Hey … here’s a good one. Fifty million American citizens lack adequate, if any, health care.
The conservatives’ solution: sabotage any effort for Universal Health Care Coverage and propose slashing Medicaid and Medicare.
Back in the early 1990’s, this same contingent of “free-marketeers” sabotaged Clinton’s efforts to modernize the dilapidated American system of health care insurance and provision. My feelings then are just as relevant today.
I believe I summed up my feelings well when I included this commentary in my 1994 Christmas card mail out:
It appears to be most gratifying to many that we can finally put an end to the ridiculous effort to ensure health protection for the ‘bottom-feeders’ of America. I’m curious how it will feel for so many citizens to be abandoned. It’s interesting to contemplate how a family will struggle to pay for health care expenses to keep their children alive. I guess they’ll try to have faith in those brilliant, shining “Thousand Points of Light” Mr. Bush and his Republican brethren said would always be there to help. Family Values and all-remember!
If nothing else, it should prove interesting when Medicaid (which the GOP promises to drastically slash) begins to plunge citizens into the crucible of scalding medical costs. Perhaps you should consider your own values during this holiday time.
Truthfully, the American Health care Crisis symbolizes much of what is inherently Machiavellian within our society—as well as spotlighting our potential greatness. For example, health care personifies the backward manner with which we allocate national resources and a skewed distribution of wealth (the U.S. is the most unequal of all the industrial societies). Quality is not the problem. Access and escalating costs are the dual triggers on the revolver aimed at our own temple. Often, those who truly need health care are denied treatment or given sub-par aid. This type of denial is nothing new for Americans, as it permeates all aspects of our commoditized lives.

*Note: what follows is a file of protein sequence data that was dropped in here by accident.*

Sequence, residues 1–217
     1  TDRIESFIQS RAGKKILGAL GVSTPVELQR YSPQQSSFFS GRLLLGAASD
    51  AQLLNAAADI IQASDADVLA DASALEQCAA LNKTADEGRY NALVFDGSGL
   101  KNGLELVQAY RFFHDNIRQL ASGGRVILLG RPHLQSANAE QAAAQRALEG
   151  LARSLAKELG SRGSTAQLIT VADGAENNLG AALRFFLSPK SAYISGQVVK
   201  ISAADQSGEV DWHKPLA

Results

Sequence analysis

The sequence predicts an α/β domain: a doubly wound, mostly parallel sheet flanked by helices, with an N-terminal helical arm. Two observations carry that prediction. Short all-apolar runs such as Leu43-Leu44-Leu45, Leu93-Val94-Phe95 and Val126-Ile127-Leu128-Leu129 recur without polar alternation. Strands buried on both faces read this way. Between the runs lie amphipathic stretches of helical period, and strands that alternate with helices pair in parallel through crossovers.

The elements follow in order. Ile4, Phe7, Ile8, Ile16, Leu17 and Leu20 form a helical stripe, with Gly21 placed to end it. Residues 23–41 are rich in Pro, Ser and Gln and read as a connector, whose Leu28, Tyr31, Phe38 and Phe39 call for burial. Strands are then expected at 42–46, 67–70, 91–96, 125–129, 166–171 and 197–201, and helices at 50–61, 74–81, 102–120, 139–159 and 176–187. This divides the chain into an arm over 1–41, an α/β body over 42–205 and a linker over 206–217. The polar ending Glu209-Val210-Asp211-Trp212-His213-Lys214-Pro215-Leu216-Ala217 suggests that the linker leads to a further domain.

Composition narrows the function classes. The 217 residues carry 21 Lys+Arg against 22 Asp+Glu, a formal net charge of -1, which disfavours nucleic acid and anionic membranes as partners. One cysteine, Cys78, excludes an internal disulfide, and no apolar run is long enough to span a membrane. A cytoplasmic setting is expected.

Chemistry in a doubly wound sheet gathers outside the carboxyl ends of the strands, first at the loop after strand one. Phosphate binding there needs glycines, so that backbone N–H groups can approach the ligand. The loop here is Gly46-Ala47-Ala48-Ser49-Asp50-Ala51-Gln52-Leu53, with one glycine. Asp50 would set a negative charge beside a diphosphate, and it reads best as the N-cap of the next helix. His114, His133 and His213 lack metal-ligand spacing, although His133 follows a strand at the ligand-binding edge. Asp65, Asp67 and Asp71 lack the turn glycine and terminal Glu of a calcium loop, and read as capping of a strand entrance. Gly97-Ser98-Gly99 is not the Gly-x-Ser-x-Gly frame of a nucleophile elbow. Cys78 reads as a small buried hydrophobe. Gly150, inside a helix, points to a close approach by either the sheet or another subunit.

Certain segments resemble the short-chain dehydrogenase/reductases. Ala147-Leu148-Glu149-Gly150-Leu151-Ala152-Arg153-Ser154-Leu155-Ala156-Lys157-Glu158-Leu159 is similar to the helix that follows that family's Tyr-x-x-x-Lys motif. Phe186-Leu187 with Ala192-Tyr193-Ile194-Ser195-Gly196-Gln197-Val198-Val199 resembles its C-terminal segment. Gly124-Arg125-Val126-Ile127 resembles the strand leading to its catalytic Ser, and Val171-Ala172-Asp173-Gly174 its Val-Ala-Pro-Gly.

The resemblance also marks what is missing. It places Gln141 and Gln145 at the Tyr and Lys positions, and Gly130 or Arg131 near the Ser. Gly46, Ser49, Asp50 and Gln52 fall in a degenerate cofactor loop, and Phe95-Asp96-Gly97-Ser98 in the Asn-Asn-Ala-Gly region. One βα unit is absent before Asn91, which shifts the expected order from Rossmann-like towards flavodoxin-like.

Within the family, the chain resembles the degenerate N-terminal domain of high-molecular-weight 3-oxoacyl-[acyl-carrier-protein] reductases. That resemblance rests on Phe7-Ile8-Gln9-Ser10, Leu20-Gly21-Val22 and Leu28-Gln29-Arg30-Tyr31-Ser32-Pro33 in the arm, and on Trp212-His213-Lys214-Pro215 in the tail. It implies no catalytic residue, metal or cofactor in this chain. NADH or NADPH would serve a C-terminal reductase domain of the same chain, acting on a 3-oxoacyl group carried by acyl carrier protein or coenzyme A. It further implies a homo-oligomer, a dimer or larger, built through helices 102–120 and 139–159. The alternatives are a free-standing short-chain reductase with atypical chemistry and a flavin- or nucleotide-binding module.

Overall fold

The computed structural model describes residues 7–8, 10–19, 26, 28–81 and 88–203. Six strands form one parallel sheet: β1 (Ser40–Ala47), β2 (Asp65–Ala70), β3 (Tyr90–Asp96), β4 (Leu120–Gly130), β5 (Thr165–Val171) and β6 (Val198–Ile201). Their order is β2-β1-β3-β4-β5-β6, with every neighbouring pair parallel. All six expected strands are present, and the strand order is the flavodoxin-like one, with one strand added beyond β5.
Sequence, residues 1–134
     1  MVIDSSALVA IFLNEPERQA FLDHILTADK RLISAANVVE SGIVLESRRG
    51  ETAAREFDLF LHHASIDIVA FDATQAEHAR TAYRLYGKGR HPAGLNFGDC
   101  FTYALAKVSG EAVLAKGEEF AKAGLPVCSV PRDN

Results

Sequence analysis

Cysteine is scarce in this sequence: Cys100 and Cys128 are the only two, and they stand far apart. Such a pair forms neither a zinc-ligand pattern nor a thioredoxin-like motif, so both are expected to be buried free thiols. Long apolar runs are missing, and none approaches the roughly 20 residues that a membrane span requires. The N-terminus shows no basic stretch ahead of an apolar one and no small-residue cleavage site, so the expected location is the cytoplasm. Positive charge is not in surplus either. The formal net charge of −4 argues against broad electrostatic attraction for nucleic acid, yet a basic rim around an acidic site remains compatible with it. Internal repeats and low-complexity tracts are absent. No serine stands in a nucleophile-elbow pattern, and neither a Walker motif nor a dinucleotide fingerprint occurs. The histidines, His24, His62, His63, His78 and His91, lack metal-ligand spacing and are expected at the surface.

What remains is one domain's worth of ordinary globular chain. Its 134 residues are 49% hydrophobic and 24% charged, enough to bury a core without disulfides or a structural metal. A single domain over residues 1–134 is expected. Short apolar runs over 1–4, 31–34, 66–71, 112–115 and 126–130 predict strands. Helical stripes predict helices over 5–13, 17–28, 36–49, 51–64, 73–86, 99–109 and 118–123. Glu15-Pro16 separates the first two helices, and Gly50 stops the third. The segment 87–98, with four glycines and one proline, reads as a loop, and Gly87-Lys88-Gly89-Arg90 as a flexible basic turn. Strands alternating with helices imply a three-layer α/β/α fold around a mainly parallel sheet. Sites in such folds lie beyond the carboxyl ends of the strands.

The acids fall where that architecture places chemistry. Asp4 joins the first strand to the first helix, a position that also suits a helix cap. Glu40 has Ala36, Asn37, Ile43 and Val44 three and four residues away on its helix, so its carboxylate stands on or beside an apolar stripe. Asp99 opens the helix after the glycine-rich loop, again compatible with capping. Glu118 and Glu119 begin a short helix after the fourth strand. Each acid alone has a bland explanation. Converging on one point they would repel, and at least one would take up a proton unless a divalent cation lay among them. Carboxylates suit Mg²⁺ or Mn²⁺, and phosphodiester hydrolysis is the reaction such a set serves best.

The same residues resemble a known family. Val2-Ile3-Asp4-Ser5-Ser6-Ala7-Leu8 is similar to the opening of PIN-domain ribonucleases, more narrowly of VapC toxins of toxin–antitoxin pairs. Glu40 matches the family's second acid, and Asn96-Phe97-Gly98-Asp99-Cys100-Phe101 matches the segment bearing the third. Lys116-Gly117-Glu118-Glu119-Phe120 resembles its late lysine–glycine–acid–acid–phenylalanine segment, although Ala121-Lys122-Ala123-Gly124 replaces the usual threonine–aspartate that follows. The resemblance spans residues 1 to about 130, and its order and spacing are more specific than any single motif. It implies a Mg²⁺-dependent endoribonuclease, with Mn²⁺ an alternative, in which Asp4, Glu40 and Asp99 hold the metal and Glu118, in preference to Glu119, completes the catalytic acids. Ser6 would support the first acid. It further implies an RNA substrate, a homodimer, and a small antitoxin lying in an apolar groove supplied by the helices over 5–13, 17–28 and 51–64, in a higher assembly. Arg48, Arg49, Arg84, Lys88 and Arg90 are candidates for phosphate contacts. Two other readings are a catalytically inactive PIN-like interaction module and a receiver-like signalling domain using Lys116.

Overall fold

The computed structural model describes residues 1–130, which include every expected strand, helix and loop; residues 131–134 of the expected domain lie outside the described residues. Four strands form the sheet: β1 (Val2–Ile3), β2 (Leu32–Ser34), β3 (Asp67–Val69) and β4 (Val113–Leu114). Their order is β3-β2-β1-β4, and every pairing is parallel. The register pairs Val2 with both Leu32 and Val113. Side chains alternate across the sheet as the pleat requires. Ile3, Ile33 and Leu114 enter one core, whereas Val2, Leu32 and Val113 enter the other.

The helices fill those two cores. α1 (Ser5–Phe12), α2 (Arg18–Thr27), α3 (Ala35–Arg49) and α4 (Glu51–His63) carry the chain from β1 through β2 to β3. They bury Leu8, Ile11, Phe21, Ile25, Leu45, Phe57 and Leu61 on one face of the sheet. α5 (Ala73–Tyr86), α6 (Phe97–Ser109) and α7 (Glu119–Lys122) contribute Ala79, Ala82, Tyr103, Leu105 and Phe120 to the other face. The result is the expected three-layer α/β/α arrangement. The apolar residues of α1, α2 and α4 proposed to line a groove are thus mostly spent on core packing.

Many persons are denied jobs because corporations place short-term profits and stock prices ahead of long-term development and community/societal commitment. While the U.S. corporate executive makes several times what his average employee earns (absurd by all other developed world standards) and receives bonuses when firms are liquidated, millions of people are denied housing, food, and health care because they cannot get their feet back on the ground after a life-changing incident (i.e., job loss, industry restructuring, “right-sizing,” health catastrophe…).
Denial of the often-perverse notion of how our societal resources are allocated is perhaps nowhere more detrimental to all of us than as it exists in our current health care system. Our present system of arbitrary continuations and inherent discrimination is done in the name of cost-control and justified by the logic of profit-maximization. It is time to realize that everything cannot be justified by a cost/benefit analysis, that citizens have a right to resources that provide Health Freedom. The right to exclude others based upon one’s economic ability and a corporation’s effort at maximizing profit is a shallow existence for a society with our enormous resources and benevolent capabilities (unfulfilled though they may be).
The argument for our current system is that unfettered competition will produce the best allocation of resources, and provide incentives for people to enter the market through self-interest motives: the invisible hand at work. This competition theory is indoctrinated in most Americans as the only system for all markets, resources, and needs. No doubt Capitalism has produced enormous wealth for some Americans and raised the standard of living for most others. It is the “American Way.”